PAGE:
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Logical Agents using Propositional LogicPowerPoint Presentation

Logical Agents using Propositional Logic

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Logical Agents using Propositional Logic

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Logical Agents using Propositional Logic

Chapter 7

- Knowledge base = set of sentences in a formal language; here, Propositional Logic
- List of things the agent ‘knows’

- Inference engine = processes this knowledge
- Declarative approach to building an agent (or other system):
- Tell it what it needs to know

- Then it can Ask itself what to do - answers should follow from the KB

- It observes the world (via percepts)
- Makes an action based on percepts and knowledge
- It remembers its action
- Repeat

KB: 1) [Goal is to enter room]

2) [If [Goal is to enter room] and [robot is in front of room] and [door is closed], then [open door]]

3) [If [Goal is to enter room] and [robot is in front of room] and [door is not closed], then [enter room]]

Percept: [[Robot is in front of door] and [door is closed]]

- Syntax: Defines what a well-formed sentence is.
- Semantics: Defines the meaning of a sentence.

Me fail English? That’s unpossible!

- Entailment means that one thing follows from another:
KB ╞α

- Knowledge base KB entails sentence α if and only if α is true in all worlds where KB is true
- E.g., the KB containing “the Giants won” and “the Reds won” entails “Either the Giants won or the Reds won”
- E.g., x+y = 4 entails 4 = x+y
- Doesn’t necessarily go the other way;
(P Q ╞ P) but it is not the case that (P ╞ P Q)

- KB ├i α = sentence α can be derived from KB by procedure i
- Soundness: i is sound if whenever KB ├i α, it is also true that KB╞ α
- Everything it derives is correct

- Completeness: i is complete if whenever KB╞ α, it is also true that KB ├i α
- It is capable of deriving anything that can be derived from KB

- A procedure that derives P from (P Q) is sound, but not complete
- Not applicable in handling P (P Q), for instance

KB:

- [Not summer]
2) [In Seattle]

3) [If [In Seattle] and [Not summer], then [It is raining]]

Ask: Is [It is raining] true?

Each model specifies true/false for each proposition symbol

E.g. P Q R

falsetruefalse

How many models are possible for n variables?

Rules for evaluating truth with respect to a model m:

Sis true iff S is false

S1 S2 is true iff S1 is true and S2 is true

S1 S2 is true iff S1is true or S2 is true

S1 S2 is true iffS1 is false orS2 is true

i.e., is false iffS1 is true andS2 is false

S1 S2is true iffS1S2 is true andS2S1 is true

Simple recursive process evaluates an arbitrary sentence, e.g.,

P (Q R) = true (true false) = true true = true

A sentence is valid if it is true in all models,

e.g., True,A A, A A, (A (A B)) B

Validity is connected to inference via the Deduction Theorem:

KB ╞ α if and only if (KB α) is valid

A sentence is satisfiable if it is true in some model

e.g., A B, C

A sentence is unsatisfiable if it is true in no models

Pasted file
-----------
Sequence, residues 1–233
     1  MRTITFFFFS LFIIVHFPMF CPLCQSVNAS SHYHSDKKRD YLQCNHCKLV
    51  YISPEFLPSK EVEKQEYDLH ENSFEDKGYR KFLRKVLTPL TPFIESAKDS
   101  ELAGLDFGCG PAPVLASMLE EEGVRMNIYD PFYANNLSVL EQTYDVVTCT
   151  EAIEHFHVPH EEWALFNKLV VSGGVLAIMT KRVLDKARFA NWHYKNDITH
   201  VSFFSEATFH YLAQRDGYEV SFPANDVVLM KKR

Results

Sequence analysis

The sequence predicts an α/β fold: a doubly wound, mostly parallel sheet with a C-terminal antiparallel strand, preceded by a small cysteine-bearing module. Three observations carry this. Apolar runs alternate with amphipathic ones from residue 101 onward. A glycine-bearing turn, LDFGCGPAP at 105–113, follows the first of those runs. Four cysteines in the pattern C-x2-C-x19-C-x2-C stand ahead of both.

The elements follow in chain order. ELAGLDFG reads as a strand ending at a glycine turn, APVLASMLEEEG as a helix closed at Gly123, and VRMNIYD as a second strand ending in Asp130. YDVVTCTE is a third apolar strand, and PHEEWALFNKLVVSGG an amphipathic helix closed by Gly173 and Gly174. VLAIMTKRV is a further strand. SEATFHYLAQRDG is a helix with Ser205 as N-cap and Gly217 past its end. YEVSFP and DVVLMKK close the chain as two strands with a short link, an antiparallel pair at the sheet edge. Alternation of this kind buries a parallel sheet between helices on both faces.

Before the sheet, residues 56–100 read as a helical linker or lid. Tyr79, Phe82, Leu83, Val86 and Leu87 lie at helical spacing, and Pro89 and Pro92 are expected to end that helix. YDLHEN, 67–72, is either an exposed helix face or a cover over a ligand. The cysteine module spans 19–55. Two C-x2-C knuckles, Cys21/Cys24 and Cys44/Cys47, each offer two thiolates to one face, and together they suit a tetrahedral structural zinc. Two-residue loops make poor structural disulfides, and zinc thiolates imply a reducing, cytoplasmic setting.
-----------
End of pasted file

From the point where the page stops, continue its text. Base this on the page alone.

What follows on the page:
e.g., AA

Satisfiability is connected to inference via the following:

KB ╞ α if and only if (KBα) is unsatisfiable

What do each of these mean in terms of a truth table?

- So we’d like inference rules that are both sound and complete
- Allow our agent to fully reason about its environment, given its knowledge

- None of the current rules is complete by itself
- It’d really be nice to have a single rule that’s both sound and complete…

Conjunctive Normal Form (CNF)

conjunction of disjunctions of literals

clauses

E.g., (A B) (B C D)

- Resolution inference rule (for CNF):
li… lk, m1 … mn

li … li-1 li+1 … lkm1 … mj-1 mj+1... mn

where li and mj are complementary literals.

E.g., P1,3P2,2, P2,2

P1,3

- Resolution is sound and complete for propositional logic

Soundness of resolution inference rule:

(li … li-1 li+1 … lk) li

mj (m1 … mj-1 mj+1... mn)

(li … li-1 li+1 … lk) (m1 … mj-1 mj+1... mn)

We just have to get everything in CNF…

B1,1 (P1,2 P2,1)

- Eliminate , replacing α β with (α β)(β α).
(B1,1 (P1,2 P2,1)) ((P1,2 P2,1) B1,1)

2. Eliminate , replacing α β with α β.

(B1,1 P1,2 P2,1) ((P1,2 P2,1) B1,1)

3. Move inwards using de Morgan's rules and double-negation:

(B1,1 P1,2 P2,1) ((P1,2 P2,1) B1,1)

4. Apply distributivity law ( over ) and flatten:

(B1,1 P1,2 P2,1) (P1,2 B1,1) (P2,1 B1,1)

- Proof by contradiction, i.e., show KBα unsatisfiable

- 2 Termination cases:
- No new clauses are added by resolution; KB does not entailα
- Two clauses resolve to the ‘empty clause’; they cancel out. This happens when resolving a contradiction. KB does entail α.

- Horn Form (restricted)
- KB = conjunction of Horn clauses
- Horn clause =
- proposition symbol; or
- (conjunction of symbols) symbol

- E.g., C (B A) (C D B)
- All symbols here are not negated

- Modus Ponens (for Horn Form): complete for Horn KBs
α1, … ,αn,α1 … αnβ

β

- Can be used with forward chaining.
- These algorithms are very natural and run in linear time

- Idea: fire any rule whose premises are satisfied in the KB,
- add its conclusion to the KB, until query is found

- Forward chaining is sound and complete for Horn KB